New "Jeanne" Gooseberry Resists Diseases

- ARS, By Laura McGinnis, July 20, 2006

Agricultural Research Service (ARS) scientists have developed and released a new disease- and pest-resistant dessert gooseberry called "Jeanne."

Sweet and sturdy, this new high-quality, late-fruiting gooseberry was developed by ARS scientists at the National Clonal Germplasm Repository (NCGR) in Corvallis, Ore. Jeanne is named for a former NCGR employee.

Gooseberry production is limited in the United States, partially due to restrictions imposed in the last century. Like other Ribes species, gooseberries are generally susceptible to white pine blister rust. While the disease causes them little harm, it can be devastating--even fatal--to pine trees.

Jeanne gooseberries are highly resistant to white pine blister rust and to powdery mildew, the biggest disease threat to U.S. gooseberry production.

The plant's robustness protects it from insect threats as well. Jeanne is highly resistant to pests like aphids and sawflies. This and its high-quality fruit make it ideal for home plantings or commercial gooseberry production in the Pacific Northwest and similarly temperate climate zones.

How does Jeanne measure up against other cultivars? According to NCGR research leader Kim Hummer, the plant produces green berries which ripen to a deep red as they mature to their full size of about 5 grams. Jeanne also boasts a higher yield than similar cultivars such as Invicta and Captivator, producing about 3.3 pounds of the flavorful fruits per plant during the growing season.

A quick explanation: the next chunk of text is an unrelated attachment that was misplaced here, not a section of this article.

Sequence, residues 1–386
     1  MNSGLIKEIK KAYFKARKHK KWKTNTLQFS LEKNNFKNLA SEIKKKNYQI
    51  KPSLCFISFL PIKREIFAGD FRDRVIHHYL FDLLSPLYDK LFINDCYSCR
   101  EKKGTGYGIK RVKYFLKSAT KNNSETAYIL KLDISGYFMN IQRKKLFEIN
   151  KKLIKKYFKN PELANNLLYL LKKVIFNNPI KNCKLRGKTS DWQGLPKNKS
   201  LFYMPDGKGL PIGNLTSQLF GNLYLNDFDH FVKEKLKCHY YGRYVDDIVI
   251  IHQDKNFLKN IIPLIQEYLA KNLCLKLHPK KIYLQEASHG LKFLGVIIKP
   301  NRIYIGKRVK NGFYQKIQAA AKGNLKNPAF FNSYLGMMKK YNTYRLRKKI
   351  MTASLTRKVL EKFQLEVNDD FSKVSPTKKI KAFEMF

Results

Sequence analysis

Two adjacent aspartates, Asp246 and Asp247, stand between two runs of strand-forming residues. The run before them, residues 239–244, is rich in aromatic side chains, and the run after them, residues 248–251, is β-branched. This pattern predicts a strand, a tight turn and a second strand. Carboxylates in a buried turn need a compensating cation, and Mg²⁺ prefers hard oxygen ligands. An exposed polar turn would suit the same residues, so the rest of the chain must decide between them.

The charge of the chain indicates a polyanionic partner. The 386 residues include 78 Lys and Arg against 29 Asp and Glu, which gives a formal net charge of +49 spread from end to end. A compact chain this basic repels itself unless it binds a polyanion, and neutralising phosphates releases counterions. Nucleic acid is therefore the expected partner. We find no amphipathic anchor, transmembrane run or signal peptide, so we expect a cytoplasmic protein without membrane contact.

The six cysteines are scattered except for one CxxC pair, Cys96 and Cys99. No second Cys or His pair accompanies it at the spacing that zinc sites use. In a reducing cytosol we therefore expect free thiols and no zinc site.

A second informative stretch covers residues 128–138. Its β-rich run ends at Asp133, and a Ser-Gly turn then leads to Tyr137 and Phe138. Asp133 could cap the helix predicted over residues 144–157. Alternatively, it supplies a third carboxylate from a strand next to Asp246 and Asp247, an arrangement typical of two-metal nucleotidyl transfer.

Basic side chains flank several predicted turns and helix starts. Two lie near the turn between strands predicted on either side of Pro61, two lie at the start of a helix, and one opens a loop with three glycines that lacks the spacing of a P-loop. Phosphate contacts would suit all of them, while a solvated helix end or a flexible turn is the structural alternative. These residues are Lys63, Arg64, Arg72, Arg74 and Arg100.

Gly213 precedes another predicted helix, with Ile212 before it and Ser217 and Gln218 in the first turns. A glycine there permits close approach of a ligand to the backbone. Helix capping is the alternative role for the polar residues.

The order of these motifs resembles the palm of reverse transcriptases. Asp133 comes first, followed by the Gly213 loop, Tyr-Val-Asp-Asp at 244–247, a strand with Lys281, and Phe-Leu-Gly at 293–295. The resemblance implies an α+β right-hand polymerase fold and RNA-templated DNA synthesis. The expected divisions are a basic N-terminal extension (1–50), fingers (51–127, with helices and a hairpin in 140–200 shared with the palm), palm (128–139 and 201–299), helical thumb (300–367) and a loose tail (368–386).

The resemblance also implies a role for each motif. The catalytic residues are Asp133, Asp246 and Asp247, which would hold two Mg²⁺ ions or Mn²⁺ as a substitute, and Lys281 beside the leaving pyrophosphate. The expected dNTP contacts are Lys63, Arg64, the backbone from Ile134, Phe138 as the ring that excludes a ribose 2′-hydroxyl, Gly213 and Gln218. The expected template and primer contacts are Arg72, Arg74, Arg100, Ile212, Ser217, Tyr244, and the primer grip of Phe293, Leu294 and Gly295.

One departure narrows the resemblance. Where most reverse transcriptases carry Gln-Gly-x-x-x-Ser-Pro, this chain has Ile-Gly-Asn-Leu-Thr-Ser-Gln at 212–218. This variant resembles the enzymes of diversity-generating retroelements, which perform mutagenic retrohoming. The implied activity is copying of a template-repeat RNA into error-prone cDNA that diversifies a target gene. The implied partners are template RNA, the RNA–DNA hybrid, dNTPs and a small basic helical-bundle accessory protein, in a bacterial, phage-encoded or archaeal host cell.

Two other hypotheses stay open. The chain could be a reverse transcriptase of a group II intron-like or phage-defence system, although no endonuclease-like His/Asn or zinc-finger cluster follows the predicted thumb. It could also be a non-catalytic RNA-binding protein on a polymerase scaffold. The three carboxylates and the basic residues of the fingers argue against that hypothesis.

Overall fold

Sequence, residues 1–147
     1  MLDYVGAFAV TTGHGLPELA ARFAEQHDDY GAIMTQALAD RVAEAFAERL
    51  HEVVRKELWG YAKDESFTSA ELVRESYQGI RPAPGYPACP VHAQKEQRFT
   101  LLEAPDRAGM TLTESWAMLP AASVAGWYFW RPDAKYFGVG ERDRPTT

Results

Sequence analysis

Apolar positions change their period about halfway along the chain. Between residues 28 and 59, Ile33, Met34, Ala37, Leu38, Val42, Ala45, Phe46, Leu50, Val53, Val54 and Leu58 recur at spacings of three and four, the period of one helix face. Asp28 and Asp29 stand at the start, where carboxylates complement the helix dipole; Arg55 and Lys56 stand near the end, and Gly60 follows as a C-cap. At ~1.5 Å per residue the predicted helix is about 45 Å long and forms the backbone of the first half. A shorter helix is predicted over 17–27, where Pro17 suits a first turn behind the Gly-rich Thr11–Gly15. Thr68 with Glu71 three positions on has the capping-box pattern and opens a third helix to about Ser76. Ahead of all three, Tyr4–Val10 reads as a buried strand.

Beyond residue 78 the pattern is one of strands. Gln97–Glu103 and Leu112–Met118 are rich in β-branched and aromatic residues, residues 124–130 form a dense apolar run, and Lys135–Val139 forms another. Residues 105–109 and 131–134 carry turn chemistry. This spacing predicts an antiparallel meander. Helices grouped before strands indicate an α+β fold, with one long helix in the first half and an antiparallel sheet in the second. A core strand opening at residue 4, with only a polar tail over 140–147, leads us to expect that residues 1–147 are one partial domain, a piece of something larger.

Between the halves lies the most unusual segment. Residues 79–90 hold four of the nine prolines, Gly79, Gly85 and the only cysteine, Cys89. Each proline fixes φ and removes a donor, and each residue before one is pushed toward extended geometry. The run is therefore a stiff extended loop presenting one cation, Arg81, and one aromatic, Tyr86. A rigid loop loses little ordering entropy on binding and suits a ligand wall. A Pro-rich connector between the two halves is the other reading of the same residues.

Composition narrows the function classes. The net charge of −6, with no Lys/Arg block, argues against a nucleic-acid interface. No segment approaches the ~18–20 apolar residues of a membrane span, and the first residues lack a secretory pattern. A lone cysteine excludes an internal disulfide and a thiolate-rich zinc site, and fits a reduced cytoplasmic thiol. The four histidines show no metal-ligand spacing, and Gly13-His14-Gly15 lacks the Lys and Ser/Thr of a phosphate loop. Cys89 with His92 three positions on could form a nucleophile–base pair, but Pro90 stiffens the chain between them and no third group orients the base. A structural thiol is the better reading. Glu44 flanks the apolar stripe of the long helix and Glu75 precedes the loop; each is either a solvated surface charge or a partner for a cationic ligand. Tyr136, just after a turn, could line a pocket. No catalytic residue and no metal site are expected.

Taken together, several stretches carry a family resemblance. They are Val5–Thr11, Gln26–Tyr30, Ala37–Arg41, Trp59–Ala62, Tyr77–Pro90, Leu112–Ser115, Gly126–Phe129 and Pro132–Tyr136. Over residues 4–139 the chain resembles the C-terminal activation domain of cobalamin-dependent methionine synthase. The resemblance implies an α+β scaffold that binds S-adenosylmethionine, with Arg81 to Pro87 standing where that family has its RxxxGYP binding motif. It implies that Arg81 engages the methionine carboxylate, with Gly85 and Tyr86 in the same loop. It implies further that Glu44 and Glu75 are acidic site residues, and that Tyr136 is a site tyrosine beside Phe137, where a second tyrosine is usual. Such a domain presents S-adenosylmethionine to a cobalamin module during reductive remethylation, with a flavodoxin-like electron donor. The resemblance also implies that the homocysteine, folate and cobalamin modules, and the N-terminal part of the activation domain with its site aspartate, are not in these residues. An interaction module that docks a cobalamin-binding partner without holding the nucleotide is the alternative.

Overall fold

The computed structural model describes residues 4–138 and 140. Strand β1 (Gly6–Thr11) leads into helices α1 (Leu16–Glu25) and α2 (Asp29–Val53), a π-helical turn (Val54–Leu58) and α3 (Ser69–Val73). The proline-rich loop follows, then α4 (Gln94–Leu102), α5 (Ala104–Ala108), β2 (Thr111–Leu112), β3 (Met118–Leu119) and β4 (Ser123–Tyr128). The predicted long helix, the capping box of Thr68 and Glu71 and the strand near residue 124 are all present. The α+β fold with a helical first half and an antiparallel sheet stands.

Scientists project that Jeanne, whose dark, sweet berries are well suited to desserts, juices and jams, could extend the production season because it blooms and produces fruit about one to two weeks later than other red gooseberry plants.

The NCGR has provided Jeanne plant material to several nurseries that will propagate the gooseberry for homeowners. Cuttings and rooted cuttings are available for research. Interested scientists should contact Hummer.

ARS is the U.S. Department of Agriculture's chief scientific research agency.


Roundup Ready beets shine in tour

- Ag Weekly, By Scott Kraus, July 21, 2006

TWIN FALLS, Idaho — A tour of Roundup Ready sugar beet fields in the Twin Falls area this week showed the significant impact of the genetically modified beets.

Vastly fewer weeds grew in the Roundup Ready crops treated with Roundup than in the standard beet fields treated with traditional herbicides.